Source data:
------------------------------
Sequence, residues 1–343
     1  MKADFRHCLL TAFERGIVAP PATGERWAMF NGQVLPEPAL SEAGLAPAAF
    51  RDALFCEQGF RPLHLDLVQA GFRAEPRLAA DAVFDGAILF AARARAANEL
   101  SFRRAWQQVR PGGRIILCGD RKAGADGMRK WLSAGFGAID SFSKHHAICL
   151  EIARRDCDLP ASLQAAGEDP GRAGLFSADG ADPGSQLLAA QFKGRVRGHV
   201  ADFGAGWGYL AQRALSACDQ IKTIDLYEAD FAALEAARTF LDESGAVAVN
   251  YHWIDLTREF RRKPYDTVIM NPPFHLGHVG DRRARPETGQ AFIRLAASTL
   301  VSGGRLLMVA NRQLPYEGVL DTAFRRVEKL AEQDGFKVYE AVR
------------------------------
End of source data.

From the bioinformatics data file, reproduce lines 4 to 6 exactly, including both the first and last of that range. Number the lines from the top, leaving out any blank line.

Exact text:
   101  SFRRAWQQVR PGGRIILCGD RKAGADGMRK WLSAGFGAID SFSKHHAICL
   151  EIARRDCDLP ASLQAAGEDP GRAGLFSADG ADPGSQLLAA QFKGRVRGHV
   201  ADFGAGWGYL AQRALSACDQ IKTIDLYEAD FAALEAARTF LDESGAVAVN